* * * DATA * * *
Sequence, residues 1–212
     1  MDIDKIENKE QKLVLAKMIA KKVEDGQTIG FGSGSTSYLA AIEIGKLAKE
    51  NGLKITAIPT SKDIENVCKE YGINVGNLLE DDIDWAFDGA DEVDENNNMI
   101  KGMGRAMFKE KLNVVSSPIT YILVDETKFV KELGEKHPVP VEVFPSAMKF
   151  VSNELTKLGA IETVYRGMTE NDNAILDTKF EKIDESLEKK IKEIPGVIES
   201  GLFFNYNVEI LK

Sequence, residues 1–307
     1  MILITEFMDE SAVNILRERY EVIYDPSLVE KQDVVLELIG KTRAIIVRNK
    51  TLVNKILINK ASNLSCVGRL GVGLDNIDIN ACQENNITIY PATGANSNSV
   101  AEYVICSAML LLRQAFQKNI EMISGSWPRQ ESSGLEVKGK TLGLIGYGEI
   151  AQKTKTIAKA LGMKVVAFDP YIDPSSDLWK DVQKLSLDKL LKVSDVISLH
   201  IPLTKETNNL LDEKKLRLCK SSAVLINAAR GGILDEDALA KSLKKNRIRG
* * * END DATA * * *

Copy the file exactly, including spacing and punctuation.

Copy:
Sequence, residues 1–212
     1  MDIDKIENKE QKLVLAKMIA KKVEDGQTIG FGSGSTSYLA AIEIGKLAKE
    51  NGLKITAIPT SKDIENVCKE YGINVGNLLE DDIDWAFDGA DEVDENNNMI
   101  KGMGRAMFKE KLNVVSSPIT YILVDETKFV KELGEKHPVP VEVFPSAMKF
   151  VSNELTKLGA IETVYRGMTE NDNAILDTKF EKIDESLEKK IKEIPGVIES
   201  GLFFNYNVEI LK

Sequence, residues 1–307
     1  MILITEFMDE SAVNILRERY EVIYDPSLVE KQDVVLELIG KTRAIIVRNK
    51  TLVNKILINK ASNLSCVGRL GVGLDNIDIN ACQENNITIY PATGANSNSV
   101  AEYVICSAML LLRQAFQKNI EMISGSWPRQ ESSGLEVKGK TLGLIGYGEI
   151  AQKTKTIAKA LGMKVVAFDP YIDPSSDLWK DVQKLSLDKL LKVSDVISLH
   201  IPLTKETNNL LDEKKLRLCK SSAVLINAAR GGILDEDALA KSLKKNRIRG